In a nutshell, the consequences are severe. The good news is, compliance is a competitive advantage.

How are offences assessed?

There are three stages to assessing whether an offence has been committed:

  • Stage 1 : A criminal tax evasion by a taxpayer (either by an individual or legal entity) under existing law.
  • Stage 2: The criminal facilitation of this offence by a person associated with the company or partnership with a view to aiding, abetting, counselling or procuring the evasion of tax by the taxpayer.
  • Stage 3: If stages 1 and 2 are satisfied, the company/partnership will have committed an offence unless it shows that:
    • it has put in place reasonable measures and procedures to prevent the criminal facilitation of tax evasion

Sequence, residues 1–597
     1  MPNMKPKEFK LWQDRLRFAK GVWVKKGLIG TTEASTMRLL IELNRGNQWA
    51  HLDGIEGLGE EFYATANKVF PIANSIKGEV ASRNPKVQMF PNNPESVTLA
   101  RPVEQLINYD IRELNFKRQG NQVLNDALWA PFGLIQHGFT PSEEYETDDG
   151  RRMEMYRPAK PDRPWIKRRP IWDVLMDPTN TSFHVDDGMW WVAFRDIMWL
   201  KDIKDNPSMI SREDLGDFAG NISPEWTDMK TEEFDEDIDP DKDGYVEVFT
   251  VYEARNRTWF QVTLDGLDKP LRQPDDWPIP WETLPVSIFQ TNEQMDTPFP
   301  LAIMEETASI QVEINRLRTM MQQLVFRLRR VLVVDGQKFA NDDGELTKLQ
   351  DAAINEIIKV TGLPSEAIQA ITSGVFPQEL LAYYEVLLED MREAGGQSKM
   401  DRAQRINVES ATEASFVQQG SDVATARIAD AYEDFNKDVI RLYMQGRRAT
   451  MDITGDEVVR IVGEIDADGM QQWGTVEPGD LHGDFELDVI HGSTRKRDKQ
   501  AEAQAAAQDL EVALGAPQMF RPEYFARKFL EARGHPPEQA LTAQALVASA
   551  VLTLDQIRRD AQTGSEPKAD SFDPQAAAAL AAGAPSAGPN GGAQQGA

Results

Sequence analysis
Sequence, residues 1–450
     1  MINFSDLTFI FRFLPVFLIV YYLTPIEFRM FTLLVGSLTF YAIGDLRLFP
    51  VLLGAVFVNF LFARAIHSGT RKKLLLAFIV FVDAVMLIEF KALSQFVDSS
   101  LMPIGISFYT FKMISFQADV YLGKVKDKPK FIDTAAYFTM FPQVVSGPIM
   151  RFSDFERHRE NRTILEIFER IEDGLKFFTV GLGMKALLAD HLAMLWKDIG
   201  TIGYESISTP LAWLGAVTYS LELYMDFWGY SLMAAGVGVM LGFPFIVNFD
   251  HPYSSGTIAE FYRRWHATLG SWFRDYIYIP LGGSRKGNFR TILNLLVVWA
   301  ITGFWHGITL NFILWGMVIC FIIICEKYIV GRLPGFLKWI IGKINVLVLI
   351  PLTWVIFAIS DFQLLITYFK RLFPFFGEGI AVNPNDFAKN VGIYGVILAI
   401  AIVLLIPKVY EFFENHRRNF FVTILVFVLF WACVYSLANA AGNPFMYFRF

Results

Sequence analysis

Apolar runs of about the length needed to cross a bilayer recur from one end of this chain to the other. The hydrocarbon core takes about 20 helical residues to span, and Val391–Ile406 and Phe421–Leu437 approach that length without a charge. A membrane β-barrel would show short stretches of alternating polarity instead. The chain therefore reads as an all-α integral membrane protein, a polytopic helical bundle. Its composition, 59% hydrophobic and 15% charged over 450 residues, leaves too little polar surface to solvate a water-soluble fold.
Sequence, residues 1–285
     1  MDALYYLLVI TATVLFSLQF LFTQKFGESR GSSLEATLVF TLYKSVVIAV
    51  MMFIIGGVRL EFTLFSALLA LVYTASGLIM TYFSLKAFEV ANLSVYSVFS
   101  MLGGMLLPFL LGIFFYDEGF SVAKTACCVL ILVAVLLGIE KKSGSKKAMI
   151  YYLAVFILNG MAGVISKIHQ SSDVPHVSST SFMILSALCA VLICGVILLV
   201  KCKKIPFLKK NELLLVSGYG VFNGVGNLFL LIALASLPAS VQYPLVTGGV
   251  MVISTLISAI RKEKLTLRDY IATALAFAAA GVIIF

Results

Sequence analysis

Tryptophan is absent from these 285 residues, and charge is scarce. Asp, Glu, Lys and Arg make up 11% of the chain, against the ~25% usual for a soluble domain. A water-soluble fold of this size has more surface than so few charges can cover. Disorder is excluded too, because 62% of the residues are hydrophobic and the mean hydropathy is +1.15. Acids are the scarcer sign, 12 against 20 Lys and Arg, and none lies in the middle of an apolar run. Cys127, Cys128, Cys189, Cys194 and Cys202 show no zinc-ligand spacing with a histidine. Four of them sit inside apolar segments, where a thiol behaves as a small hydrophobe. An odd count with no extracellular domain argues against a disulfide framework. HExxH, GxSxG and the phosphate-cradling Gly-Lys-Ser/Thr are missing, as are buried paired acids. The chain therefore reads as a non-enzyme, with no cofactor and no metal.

• it was not reasonable in all the circumstances to expect it to have prevention procedures in place.

HMRC Guidance

HMRC has issued guidance to help businesses understand the types of processes and procedures which they might put in place to prevent associated persons from criminally facilitating tax evasion.

HMRC stresses that its guidance is intended to be of general application and applied in a proportionate way; it is not prescriptive or a one-size fits all document and what is classed as “reasonable” may evolve over time, and may differ from one company to another depending upon the nature of the work performed and the level of associated risk.


The HMRC guidance mirrors the 6 guiding principles in the Bribery Act 2010 and focuses on: